CH-October 2, 2017
By Beth Barron
The world staggers under the weight of tragedies.
Our earth sloshes through floods in Nepal, India, Bangladesh, and areas of the United States. Hurricanes shred buildings in the Caribbean and the U.S. Fires continue to char parts of North America. Mexico is reeling from a massive earthquake. Man-made dangers loom as well: threats of nuclear strikes weigh on minds while the blood of Rohingya people flows in Myanmar. Worldwide, refugees number in the millions.
I find it easy to feel numb after reading and hearing about all this suffering, all these needs. The scope of the suffering seems overwhelming. How do we maintain a tender, compassionate heart in the face of unrelenting need? Here are five ways:
1. Connect to the Father.
Mark 1:21-34 records one of Jesus’s more demanding days. He spoke in the synagogue in Capernaum. While there, he confronted and cast out a demon. Then he left the synagogue and went to Simon and Andrew’s house where he healed Simon’s mother-in-law. That evening the whole city gathered at the door of the house where Jesus healed many and cast out additional demons. Sounds like a draining day. Verse 35 tells us how he recouped from such service. He got up early and spent time with his father in prayer. Afterwards, he began another demanding day of compassionate caring. Regularly connecting to the Father is one habit that will preserve us in times of intense ministry.
We need not only refreshment but also wisdom. Mark 1:38 tells us that many were looking for Jesus, but he knew it was time to move on. We need God’s wisdom to know what needs to meet, knowing some needs will be left unmet by us; otherwise, we will become charred and ineffective.
2. Take time to grieve your losses.
2 Samuel 1 records that David and all who were with him wept and fasted when Saul and Jonathan died. He wrote a lamentation about this great loss.
If you have been touched by loss, take time to feel your own pain before you try to minister to that of others. I wept when friends suffered loss and a church was seriously damaged by flooding in Texas. The tears were part of empathizing with their loss. When I grieve my own losses or that of those close to me, I am then better able to hear others’ stories of fear and loss.
3. Take care of your physical needs.
Elijah had a season of spiritual and physical warfare. He stood up to Ahab and the prophets of Baal and showcased God’s power: they were defeated. Afterwards, he served as the executioner of the false prophets and then prayed and waited for God to send rain. Finally, he ran all the way to the entrance of Jezreel where he received the threats of the king. Completely spent, he withdrew. God allowed him to rest and then fed him.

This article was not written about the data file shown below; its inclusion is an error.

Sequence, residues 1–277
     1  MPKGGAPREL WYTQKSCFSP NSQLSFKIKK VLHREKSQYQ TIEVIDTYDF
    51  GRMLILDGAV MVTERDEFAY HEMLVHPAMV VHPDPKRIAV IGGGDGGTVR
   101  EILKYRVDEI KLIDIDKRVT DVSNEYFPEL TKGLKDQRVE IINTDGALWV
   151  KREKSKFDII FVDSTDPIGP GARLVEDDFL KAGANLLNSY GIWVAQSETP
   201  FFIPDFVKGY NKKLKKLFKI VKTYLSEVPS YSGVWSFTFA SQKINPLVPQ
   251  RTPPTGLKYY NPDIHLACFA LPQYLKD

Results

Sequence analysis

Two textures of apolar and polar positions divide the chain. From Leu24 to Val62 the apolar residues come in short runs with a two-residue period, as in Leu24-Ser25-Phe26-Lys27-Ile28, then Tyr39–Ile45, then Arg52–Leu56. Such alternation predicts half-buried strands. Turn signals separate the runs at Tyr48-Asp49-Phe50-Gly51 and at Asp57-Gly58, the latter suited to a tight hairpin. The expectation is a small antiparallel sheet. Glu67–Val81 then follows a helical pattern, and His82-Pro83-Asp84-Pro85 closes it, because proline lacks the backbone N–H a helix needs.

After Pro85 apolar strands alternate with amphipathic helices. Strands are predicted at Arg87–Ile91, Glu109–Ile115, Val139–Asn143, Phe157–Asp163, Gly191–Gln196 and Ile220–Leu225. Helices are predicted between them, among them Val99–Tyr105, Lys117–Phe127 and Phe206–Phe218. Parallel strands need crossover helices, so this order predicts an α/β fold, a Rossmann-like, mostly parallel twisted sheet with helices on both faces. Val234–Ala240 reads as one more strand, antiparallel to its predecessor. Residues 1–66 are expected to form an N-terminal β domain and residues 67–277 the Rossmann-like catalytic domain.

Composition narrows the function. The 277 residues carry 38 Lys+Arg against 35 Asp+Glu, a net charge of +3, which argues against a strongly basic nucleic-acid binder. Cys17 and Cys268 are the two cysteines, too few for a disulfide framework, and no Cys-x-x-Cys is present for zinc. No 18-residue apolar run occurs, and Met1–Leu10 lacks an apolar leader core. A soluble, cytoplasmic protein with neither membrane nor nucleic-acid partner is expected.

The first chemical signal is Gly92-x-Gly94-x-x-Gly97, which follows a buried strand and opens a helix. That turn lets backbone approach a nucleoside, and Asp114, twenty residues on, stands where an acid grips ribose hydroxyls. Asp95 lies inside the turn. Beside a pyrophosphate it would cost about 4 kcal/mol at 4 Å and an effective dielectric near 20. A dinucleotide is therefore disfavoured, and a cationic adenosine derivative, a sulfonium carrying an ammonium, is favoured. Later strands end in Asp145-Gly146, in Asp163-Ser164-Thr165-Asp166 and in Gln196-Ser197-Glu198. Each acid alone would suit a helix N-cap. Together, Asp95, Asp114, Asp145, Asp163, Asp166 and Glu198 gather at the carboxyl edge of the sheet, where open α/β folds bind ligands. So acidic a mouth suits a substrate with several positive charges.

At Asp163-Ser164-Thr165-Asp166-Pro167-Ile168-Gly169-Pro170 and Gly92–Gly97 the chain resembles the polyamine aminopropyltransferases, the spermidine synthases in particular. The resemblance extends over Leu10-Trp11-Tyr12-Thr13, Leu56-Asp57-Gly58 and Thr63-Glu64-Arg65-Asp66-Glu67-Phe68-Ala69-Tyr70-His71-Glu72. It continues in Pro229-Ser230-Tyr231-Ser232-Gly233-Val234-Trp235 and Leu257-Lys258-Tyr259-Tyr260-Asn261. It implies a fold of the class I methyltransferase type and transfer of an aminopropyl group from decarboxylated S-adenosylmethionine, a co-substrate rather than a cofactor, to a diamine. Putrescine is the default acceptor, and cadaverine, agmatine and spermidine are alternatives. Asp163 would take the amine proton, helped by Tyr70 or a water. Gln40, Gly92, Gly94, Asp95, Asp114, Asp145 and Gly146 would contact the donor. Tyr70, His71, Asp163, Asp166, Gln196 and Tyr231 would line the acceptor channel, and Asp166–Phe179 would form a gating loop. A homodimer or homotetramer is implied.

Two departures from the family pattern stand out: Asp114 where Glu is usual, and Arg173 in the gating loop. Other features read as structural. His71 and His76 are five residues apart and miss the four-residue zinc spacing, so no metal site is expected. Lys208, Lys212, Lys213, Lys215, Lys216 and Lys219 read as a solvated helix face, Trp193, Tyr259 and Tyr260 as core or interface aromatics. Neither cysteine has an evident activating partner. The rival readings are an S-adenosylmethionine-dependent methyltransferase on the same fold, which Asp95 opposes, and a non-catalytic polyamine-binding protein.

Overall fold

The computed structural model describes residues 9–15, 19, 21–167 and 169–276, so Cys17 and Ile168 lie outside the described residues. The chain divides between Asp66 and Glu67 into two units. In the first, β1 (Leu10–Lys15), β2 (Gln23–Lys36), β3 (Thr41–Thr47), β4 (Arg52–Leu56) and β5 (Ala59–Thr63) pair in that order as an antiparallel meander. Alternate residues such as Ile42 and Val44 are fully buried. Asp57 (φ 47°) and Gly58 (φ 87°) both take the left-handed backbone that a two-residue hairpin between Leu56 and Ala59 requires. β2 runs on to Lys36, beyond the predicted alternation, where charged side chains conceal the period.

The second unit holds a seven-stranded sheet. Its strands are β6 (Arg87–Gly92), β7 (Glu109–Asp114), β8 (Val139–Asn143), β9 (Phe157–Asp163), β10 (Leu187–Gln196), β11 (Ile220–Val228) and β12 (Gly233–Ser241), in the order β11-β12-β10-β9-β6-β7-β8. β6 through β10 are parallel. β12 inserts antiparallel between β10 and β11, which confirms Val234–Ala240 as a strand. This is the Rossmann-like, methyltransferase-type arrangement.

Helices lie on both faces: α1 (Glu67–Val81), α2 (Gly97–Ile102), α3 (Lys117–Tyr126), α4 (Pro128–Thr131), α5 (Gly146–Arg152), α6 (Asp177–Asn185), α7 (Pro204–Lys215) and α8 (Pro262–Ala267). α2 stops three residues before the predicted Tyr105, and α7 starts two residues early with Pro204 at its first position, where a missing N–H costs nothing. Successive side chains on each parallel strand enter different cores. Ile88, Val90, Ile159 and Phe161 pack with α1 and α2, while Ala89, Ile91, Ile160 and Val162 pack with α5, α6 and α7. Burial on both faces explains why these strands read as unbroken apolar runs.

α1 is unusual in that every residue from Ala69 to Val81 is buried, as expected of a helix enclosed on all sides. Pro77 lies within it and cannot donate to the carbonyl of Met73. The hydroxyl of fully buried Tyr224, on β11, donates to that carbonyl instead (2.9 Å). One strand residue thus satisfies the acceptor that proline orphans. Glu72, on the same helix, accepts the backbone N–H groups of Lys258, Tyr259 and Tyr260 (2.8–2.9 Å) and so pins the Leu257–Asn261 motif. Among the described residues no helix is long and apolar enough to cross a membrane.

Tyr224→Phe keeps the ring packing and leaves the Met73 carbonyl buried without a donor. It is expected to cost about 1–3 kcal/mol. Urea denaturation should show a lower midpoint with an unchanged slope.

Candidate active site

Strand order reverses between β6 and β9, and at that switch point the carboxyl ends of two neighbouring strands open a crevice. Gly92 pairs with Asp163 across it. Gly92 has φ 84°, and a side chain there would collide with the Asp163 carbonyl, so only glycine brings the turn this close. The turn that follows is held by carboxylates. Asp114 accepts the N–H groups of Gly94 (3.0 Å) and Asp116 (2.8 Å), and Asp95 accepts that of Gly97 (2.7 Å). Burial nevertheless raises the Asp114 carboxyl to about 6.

There may be a season of intense serving during times of crisis, but neither Elijah nor we are superhuman. Like Elijah, we must withdraw and rest and eat. If we fail to care for ourselves, we will drown in floods of need rather than rescuing others.
4. Connect with a team.
Nehemiah didn’t rebuild the city wall alone. He worked with a team. Together they stood up to the opposition of those who would discourage them.
Lauren works at a crisis pregnancy center and lives and serves among refugees, but she doesn’t do it alone. She compassionately works with others in both settings and enjoys the support and prayers of her church family as well. She can serve women with difficult pregnancies more effectively as a part of a ministry, instead of on her own. Not only that, but she has trusted people in her life that tell her “no” when she faces demands that might spread her too thin.
5. Focus on the work at hand, avoiding distractions.
Paul exhorted the Ephesians to think about how they invested their time in Ephesians 5:15-17. “Look carefully then how you walk, not as unwise but as wise, making the best use of the time, because the days are evil. Therefore do not be foolish, but understand what the will of the Lord is.”
Joseph lives among needy people. One thing that helps him avoid compassion burnout is that he doesn’t own a television and limits his social media time. Twenty-four-hour access to news can draw his attention away. He stays informed but not immersed in the news. He can’t do anything about the threats of Kim Jong Un, but he can help a refugee neighbor with a job application.
I’m praying that you and I will maintain tender hearts in these troubling days. Our broken world needs the compassion of Jesus expressed through our service. May we respond to tragedies in such a way that we can avoid burnout and serve fruitfully.